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Astros not letting headfirst dives slide in minors

HOUSTON -- As soon as Ben Zobrist launched himself toward the bag, he knew he was out. Out of the game, that is.

Determined to cut down on risky headfirst slides, the Houston Astros are putting a unique policy into effect for all of their minor leaguers: If any of them try it at first base or home plate, their manager is required to immediately pull them.

While All-Stars Roberto Alomar, Derek Jeter, and Scott Rolen have gotten hurt in the past sliding headfirst -- and Junior Spivey, Rafael Furcal, and Carl Everett were banged up this year -- the Astros want to teach their young players to avoid them.

"We tell our guys that it's a low-percentage play, and that you can get injured doing it," Astros director of player development Tim Purpura said.

Only a week into his pro career, Zobrist got an early exit recently with the Tri-City ValleyCats of the Single A New York-Penn League. Hoping to beat out an infield grounder against Batavia, the promising prospect made a dive for it at Troy, N.Y.

Zobrist was nipped in a close play, then heard manager Gregg Langbehn whistle from the dugout. One inning into the game, Zobrist was already back on the bench.

"As soon as I did it, I thought, `Oh, no!' " said Zobrist, taken in the sixth round of the June draft. "I knew I was getting taken out.

"They told me about the rule when I got here. I'd done it in college, but that's the lesson I learned."

The Astros make exceptions for plays in which runners go headfirst trying to avoid tags. Diving into second base and third base is allowed, although not encouraged.

Purpura said the policy went into effect after Roger Cedeno broke his hand on a headfirst slide into first base in May 2000. The Houston speedster spent nearly three months on the disabled list, and the Astros looked to cut down on dislocated digits and jammed joints.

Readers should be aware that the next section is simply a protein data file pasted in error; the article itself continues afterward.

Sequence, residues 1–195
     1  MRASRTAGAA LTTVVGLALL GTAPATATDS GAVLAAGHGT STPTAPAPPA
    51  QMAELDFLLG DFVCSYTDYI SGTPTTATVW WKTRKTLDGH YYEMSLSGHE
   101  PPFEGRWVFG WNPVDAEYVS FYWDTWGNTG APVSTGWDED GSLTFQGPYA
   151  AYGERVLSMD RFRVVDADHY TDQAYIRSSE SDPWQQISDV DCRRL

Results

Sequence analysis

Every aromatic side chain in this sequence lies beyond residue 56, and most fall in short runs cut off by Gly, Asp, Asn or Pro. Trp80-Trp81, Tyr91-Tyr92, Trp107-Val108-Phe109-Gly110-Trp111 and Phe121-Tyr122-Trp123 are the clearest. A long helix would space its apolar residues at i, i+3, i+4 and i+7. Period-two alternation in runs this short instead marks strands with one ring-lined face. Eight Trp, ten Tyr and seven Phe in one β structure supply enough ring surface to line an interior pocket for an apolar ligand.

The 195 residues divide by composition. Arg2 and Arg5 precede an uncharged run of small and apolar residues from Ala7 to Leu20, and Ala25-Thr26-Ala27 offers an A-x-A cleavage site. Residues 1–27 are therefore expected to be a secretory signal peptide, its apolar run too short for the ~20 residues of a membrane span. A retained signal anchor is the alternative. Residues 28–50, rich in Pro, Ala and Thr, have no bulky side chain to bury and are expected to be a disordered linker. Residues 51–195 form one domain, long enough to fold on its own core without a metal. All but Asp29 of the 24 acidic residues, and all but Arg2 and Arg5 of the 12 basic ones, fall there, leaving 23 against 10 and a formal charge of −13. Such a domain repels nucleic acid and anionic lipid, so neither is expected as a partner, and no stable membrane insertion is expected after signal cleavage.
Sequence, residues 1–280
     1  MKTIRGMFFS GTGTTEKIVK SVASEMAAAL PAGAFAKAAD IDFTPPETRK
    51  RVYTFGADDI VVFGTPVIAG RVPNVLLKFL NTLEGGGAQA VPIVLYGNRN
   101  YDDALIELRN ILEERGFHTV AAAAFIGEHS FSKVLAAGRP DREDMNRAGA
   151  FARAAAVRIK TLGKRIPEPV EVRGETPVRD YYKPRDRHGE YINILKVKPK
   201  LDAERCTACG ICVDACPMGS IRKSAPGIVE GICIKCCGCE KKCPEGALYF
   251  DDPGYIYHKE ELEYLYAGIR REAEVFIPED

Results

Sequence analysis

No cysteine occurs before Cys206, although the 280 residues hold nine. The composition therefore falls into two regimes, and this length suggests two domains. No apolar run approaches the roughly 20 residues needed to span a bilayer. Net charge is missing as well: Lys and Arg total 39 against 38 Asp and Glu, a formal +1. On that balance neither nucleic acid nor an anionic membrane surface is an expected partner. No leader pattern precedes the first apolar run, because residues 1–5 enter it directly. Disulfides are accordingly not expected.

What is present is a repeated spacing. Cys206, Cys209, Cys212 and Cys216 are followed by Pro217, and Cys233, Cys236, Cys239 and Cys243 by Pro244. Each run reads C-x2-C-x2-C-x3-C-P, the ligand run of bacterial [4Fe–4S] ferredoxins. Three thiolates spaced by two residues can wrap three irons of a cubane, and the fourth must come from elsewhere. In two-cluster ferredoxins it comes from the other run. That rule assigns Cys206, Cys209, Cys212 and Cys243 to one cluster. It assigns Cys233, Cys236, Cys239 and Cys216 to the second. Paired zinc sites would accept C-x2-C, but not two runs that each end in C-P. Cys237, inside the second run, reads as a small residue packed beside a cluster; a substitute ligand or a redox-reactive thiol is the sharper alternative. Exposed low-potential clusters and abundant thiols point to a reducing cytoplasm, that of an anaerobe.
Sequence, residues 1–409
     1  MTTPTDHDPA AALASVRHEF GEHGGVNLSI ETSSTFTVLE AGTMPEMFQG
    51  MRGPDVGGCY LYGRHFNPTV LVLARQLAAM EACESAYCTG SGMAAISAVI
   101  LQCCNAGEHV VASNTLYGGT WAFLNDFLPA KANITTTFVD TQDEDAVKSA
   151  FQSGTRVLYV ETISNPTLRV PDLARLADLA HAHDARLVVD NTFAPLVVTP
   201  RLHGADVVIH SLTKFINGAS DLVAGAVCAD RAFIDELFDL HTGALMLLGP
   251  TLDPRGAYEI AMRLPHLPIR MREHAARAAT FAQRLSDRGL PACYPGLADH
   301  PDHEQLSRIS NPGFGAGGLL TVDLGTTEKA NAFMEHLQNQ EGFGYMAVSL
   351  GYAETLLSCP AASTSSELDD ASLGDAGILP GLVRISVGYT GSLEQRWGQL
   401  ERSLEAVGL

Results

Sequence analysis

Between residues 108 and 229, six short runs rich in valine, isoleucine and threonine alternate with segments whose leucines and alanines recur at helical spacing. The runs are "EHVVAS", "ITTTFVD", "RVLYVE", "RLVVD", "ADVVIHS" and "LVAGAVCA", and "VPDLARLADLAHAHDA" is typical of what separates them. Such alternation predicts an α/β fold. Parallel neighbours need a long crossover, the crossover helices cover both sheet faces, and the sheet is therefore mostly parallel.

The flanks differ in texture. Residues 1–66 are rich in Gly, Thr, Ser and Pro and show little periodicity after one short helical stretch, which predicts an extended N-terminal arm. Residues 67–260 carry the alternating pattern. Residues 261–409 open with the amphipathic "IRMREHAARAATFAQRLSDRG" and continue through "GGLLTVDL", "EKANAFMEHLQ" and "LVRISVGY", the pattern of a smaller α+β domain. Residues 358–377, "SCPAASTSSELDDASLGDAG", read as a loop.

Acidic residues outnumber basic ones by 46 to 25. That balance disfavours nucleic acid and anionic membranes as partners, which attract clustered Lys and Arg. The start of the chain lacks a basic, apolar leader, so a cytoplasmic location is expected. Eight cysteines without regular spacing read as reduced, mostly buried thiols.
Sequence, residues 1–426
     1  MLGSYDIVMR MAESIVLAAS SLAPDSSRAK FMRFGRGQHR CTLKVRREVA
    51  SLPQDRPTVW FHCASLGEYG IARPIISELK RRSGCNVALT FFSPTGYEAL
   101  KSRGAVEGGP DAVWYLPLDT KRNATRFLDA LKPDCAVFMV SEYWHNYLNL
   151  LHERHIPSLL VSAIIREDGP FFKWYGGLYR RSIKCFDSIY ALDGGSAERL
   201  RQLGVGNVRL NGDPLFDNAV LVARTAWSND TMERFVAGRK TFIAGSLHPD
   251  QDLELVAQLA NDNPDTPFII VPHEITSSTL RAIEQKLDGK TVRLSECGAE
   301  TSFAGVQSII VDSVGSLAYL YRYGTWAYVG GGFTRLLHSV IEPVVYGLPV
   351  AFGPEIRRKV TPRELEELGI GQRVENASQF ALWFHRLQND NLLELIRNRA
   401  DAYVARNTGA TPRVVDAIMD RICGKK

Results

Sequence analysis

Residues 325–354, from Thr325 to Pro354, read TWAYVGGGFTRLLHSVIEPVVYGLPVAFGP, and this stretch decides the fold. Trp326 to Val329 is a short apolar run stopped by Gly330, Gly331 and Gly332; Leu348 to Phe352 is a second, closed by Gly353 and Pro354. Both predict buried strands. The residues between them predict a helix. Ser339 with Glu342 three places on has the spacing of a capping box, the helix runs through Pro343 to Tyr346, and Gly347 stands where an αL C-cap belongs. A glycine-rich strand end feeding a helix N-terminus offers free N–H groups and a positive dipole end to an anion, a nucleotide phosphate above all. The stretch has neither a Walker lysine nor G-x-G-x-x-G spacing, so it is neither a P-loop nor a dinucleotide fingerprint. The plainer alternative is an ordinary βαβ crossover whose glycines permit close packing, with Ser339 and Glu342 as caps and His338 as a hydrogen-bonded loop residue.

The merits of going headfirst are debatable. Coaches, fans, and media members usually rail against it; there is no definitive study on the subject.

Pete Rose made the style popular on his way to becoming baseball's all-time hits leader. Rickey Henderson did it often while running for a record number of stolen bases. Alomar has made a habit of going headfirst into first base.

"It's just something I have done. I think I can get there. I've done it for many years," the Arizona second baseman said.

Told about the Astros' rule, Alomar frowned.

"It's like me telling Randy Johnson, `Don't throw sliders,' or telling him not to throw inside," he said. "For example, you had a policy like that, then you're trying to avoid attack, and then they take you out of the game for that? You're trying to do what's best for the team. You're trying to get to first base."

Furcal, the Braves' shortstop, missed three weeks in May after jamming his finger on a headfirst slide into third base. Everett, an Expos outfielder, was out for 30 games after hurting his shoulder at second, and Minnesota outfielder Michael Ryan went on the DL when he injured his shoulder at first.

Spivey was sidelined after popping his left shoulder trying for an infield hit this month at Pittsburgh.

"That's the first time I've ever slid headfirst," the Milwaukee second baseman said. "I hope I won't do it again. They tell you not to do it, but sometimes your body and mind tell you other things."

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